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I am making a TextBox behave like if it could store a null value. In order to do that, i have a variable NullMode that indicates wether the value is stored is Null, and in TextChanged i set that to false, and on specific user action i set it to true and Text to a value that indicates that there is null inside the textbox. Then, based on NullMode, textbox is drawn differently.

Now, i have a semaphore-like approach in order to prevent event handle from firing when i dont need it. Here is how it looks:

                private void input_TextChanged(object sender, EventArgs e)
        {
            if (_preventTextBoxEvents) 
                return;

            _preventTextBoxEvents = true;

            //if (NullMode)
            //  Text = "";
            NullMode = false;
            ValidateInput();

            _preventTextBoxEvents = false;
        }

Now, if i need to set a textbox text to something that should show while in nullmode, i just set _preventTextBoxEvents before i do to true and it works all right.

BUT! I need to also remove the text when user tries to input something into the textbox! So i need to set Text to "". Problem is, if i uncomment that, form is closed after the event handler exits. I cannot prevent it (e.Cancel = true in FormClosing doesnt help!) and do not understand what can be causing it. There is no error message too (and i'm not doing try-catch).

My logic, when i do Text="". OnTextChanged should fire, it should call my TextChanged and it will see _preventTextBoxEvents is true and exit, so there would be no stack overflow / infinite recursion.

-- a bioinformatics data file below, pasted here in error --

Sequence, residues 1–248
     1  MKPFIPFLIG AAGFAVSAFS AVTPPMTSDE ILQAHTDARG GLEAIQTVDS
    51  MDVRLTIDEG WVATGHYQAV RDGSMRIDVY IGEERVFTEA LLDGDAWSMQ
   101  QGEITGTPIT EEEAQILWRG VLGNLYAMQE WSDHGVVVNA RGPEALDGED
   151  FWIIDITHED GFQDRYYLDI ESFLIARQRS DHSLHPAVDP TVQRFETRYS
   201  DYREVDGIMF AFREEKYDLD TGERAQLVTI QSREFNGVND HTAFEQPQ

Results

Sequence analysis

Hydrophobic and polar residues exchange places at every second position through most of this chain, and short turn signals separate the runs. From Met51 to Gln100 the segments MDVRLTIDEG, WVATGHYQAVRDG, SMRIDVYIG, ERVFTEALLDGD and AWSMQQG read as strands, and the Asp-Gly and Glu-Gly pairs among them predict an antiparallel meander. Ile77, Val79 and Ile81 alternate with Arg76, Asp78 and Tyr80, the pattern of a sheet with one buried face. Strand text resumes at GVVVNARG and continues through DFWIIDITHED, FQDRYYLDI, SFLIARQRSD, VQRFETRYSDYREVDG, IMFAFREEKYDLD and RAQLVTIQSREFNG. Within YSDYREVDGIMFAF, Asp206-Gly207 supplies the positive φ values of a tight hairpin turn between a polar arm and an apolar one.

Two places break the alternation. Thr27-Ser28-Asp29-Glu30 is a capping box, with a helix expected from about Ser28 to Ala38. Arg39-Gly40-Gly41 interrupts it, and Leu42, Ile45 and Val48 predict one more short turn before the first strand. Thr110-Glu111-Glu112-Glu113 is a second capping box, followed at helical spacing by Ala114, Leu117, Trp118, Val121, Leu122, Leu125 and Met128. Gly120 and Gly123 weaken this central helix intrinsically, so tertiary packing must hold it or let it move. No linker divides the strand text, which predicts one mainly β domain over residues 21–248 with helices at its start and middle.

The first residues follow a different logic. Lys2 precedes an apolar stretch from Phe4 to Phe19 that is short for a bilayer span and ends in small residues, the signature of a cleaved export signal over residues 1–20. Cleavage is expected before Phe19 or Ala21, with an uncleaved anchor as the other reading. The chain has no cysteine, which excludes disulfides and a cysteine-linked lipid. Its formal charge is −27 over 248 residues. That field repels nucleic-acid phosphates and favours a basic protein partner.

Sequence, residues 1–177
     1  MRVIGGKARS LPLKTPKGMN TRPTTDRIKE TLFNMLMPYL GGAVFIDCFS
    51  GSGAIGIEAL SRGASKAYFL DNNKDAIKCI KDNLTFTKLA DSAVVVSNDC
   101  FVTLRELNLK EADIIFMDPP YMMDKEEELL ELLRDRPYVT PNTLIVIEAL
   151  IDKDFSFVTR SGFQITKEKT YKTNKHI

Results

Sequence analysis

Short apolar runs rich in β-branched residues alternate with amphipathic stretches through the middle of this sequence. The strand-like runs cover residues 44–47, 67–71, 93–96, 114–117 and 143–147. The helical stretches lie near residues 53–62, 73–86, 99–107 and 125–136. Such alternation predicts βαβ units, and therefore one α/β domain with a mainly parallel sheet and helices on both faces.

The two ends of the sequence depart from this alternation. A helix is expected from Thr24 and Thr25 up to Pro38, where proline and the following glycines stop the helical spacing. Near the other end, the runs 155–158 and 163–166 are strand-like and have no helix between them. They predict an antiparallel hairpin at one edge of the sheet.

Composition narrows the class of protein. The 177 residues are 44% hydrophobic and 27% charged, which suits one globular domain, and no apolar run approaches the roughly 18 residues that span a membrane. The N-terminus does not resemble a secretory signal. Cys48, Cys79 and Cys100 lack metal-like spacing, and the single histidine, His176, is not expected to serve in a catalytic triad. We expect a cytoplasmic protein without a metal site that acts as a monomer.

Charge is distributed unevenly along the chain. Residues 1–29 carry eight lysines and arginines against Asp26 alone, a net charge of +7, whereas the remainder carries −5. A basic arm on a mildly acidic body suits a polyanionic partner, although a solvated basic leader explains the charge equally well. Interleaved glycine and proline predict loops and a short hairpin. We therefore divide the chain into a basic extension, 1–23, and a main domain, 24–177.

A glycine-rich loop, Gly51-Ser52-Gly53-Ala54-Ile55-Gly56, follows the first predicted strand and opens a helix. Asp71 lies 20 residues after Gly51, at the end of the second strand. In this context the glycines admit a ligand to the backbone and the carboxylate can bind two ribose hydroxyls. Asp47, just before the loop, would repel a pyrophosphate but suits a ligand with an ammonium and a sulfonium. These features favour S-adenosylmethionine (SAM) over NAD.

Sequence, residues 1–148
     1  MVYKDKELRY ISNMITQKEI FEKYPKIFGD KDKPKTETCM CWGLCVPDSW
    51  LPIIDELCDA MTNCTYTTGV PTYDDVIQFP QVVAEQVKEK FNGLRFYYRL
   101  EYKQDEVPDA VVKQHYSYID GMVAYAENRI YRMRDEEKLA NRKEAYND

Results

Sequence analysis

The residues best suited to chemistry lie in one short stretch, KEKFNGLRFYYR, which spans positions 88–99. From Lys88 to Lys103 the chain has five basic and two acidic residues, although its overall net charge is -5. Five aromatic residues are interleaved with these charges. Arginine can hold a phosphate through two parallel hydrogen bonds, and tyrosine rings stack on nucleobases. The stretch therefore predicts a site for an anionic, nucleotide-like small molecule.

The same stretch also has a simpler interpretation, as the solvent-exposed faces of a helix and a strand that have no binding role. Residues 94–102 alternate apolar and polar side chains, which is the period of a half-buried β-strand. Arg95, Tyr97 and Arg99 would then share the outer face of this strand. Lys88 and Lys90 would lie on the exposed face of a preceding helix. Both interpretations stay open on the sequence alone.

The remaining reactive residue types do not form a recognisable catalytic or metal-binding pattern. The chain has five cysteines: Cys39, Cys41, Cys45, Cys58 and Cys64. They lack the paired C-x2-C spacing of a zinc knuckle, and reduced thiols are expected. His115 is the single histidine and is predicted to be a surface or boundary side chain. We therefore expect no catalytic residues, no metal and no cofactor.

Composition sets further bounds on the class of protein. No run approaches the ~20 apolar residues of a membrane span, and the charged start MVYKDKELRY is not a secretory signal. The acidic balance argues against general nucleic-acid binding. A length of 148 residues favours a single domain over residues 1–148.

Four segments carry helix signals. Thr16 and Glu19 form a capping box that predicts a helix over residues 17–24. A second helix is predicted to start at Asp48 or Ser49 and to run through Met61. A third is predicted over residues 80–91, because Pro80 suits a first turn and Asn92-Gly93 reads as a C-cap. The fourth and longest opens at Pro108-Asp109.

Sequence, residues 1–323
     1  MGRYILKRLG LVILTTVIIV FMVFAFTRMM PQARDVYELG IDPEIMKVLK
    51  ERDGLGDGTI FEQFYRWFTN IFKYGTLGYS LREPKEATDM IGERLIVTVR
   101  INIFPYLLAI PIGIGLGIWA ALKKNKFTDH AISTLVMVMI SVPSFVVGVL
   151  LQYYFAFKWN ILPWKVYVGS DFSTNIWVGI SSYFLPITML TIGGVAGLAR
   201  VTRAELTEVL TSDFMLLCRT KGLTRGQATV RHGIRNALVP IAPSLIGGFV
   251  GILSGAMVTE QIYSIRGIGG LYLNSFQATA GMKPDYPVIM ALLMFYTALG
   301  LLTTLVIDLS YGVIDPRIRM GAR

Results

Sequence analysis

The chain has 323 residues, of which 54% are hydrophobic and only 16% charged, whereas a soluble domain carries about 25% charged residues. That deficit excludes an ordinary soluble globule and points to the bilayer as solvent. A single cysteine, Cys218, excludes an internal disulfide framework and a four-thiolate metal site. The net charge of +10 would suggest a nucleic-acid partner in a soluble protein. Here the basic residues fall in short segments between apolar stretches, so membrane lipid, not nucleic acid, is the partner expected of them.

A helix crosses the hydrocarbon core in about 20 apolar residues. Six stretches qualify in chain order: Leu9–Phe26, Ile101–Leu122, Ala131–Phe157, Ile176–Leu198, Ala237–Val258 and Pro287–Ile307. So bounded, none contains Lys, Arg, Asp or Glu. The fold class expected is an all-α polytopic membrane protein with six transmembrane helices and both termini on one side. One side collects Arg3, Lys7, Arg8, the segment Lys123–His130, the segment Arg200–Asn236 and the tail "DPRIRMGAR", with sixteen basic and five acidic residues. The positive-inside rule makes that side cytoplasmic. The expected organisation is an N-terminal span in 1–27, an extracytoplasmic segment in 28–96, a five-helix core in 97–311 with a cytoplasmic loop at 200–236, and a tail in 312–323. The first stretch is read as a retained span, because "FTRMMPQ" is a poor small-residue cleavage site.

What is going on?

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If you aren't doing try-catch it doesn't means your code doesn't throws exceptions. Try to turn on exception throw displaying in Debug->Exception ->CLR exception ->checkbox thrown –  zabulus Apr 14 '12 at 11:42
    
Is this code from the containing form, or are you trying to create this NullMode TextBox control inheriting from TextBox? –  Mike Guthrie Apr 14 '12 at 12:03
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1 Answer 1

up vote 2 down vote accepted

It should be so (assuming your text box is called input)

if (NullMode) 
    input.Text = ""; 

Text alone refers to the current form caption, not to the input.Text property.
However let me say that your approach is dangerous. If, for some reason, your ValidateInput throws an exception, you will exit from the event handler without restoring the global _preventTextBoxEvents to false;

Add a try - catch - finally

    private void input_TextChanged(object sender, EventArgs e)   
    {   
        if (_preventTextBoxEvents)    
            return;   

        _preventTextBoxEvents = true;   
        try
        {
           if (NullMode) input.Text = "";   
           NullMode = false;   
           ValidateInput();   
        }
        catch(Exception ex)
        {
            // Inform user of the exception occurred inside your ValidateInput
            MessageBox.Show(ex.Message);
        }
        finally
        {
            // Be sure to restore this global to a functioning value.
            _preventTextBoxEvents = false;   
        }
    }   

Moreover you could remove the logic for _preventTextBoxEvents simply disconnecting your TextChanged event when your program enters in the event code:

try
{
    input.TextChanged -= new EventArgs(input_TextChanged);
    // Now, the input textbox is no more connected to this code, you 
    // could happily change the textbox text without worry to reenter in this code
}
...
finally
{
    // Work finished, reconnect this code to the event TextChanged
    input.TextChanged += new EventArgs(input_TextChanged);
}
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The problem is that the TextBox doesn't dispatch distinct events based on how the text is changed (key press, drag drop, Text property, pasted). One should implement the solution where the problem lies, rather than dancing around it in every event handler. One could extend class TextBox, override OnTextChanged so that it doesn't call the base implementation if a flag is set, and add a SetText method with a Boolean parameter that will set the aforementioned flag. Besides dispatching an event, the base implementation of OnTextChanged calls CommonProperties.xClearPreferredSizeCache(this). –  Triynko Oct 10 '12 at 18:05
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